It’s hard to focus.
Springtime is arguably the prettiest time on campus (remind me this when it’s fall and I say the same thing). But really, it is. We are flush with daffodils, flowering cherry trees, tulips, and all manner of plants in beds around the Quad and other places. If the azaleas in the little nooks beside Wait Chapel aren’t blooming yet, they soon will be. The air is warm, the sun is bright. Depending on the humidity level, you may catch a whiff of tobacco leaves from the plant nearby. If you aren’t familiar with the smell, it’s sort of like an unrolled cigarette, just the faintly tangy smell of the tobacco itself.
It is hard to be in class when the outdoor world is so idyllic. Every spring it seems, our students return from Spring Break and it’s like the proverbial horse who sees the barn and wants to really bolt for it. The finish line for the semester is within sight – only six weeks or so – and there is a sort of urgency in that.
I remember being a student here and one of my English professors was teaching a seminar class to us mid-spring. It was a beautiful day, and just outside our window was a giant blooming tree, and he got so distracted by it that he finally had to start talking about how lush and alive everything was. He tied that into the literature we were reading, and it became a lecture that wove smoothly between the words we were reading and the explosion of nature outside our window. This is not the exact tree in the background of this photo, but it is the closest picture I could find to the tree outside our seminar room of Tribble Hall.
I had a similar experience with another professor – also English – on that kind of beautiful spring day. About halfway through the lecture he stopped what he was doing and wrote CARPE DIEM in huge letters on the board and told us that this is the kind of day that should be seized and celebrated. He told us to go – and do whatever we wanted, other than homework. Take a walk. Look at nature. Think about art or music or poetry or the wonders of the world, but don’t waste the time, seize it for something beautiful. It remains one of my best memories of being a student.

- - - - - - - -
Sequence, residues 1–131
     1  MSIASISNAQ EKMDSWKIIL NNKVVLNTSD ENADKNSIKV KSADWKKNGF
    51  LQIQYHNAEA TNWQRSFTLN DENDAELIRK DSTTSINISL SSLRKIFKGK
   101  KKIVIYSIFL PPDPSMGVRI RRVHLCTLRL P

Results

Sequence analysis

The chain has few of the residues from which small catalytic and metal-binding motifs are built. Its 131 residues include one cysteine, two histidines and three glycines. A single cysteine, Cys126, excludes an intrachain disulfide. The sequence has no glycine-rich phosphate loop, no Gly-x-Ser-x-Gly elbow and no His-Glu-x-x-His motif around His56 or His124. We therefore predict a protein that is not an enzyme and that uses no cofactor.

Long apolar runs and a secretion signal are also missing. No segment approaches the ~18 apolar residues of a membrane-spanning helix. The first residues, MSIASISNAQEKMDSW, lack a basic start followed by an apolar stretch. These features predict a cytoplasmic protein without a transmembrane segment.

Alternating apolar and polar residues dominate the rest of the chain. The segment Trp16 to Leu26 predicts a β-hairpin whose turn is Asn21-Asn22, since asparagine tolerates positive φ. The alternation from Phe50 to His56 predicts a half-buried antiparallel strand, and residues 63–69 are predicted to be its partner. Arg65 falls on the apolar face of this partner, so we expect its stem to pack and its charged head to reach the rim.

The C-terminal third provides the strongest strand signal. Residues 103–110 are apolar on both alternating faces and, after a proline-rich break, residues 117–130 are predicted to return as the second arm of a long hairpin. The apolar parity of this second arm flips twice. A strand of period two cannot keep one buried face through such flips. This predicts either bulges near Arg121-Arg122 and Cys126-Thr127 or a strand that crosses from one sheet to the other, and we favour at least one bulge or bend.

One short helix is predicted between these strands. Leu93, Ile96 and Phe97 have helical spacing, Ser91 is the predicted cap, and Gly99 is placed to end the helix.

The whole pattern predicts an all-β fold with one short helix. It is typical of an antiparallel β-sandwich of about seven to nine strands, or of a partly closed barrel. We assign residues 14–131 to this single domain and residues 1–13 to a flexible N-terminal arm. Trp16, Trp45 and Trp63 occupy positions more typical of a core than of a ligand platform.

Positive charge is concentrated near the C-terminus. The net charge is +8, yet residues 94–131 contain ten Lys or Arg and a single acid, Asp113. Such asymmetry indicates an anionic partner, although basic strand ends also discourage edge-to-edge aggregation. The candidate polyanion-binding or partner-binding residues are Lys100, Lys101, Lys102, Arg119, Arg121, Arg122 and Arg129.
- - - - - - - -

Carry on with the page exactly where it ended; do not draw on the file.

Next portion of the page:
I share this not to make you worry that all our English professors are flighty (they most certainly are not) or that our faculty is not making your students work hard enough (trust me, they are). But they realize that there are learning moments in the classroom as well as out, and that sometimes we can differ from the expected path and still learn something valuable. Even if that lesson is just to stop and appreciate the moment – something I think our students of today are not trained to do with their busy schedules.
Dr. Carpe Diem once told me that teaching gives likeminded people the opportunity to connect with each other and make ideas – and in this case literature – come alive. That is part of the joy of college – finding yourself in sync with someone who is eager to explore the same things you are, and who pushes you to think hard and think differently about the course material.
Who is your student’s Dr. Carpe Diem?